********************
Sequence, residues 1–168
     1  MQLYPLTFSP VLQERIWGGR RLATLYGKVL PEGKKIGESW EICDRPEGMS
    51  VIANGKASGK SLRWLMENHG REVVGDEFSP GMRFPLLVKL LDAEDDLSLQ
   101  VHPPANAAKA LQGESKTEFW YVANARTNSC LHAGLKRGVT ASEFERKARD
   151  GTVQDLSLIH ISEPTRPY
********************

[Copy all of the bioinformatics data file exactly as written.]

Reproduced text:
Sequence, residues 1–168
     1  MQLYPLTFSP VLQERIWGGR RLATLYGKVL PEGKKIGESW EICDRPEGMS
    51  VIANGKASGK SLRWLMENHG REVVGDEFSP GMRFPLLVKL LDAEDDLSLQ
   101  VHPPANAAKA LQGESKTEFW YVANARTNSC LHAGLKRGVT ASEFERKARD
   151  GTVQDLSLIH ISEPTRPY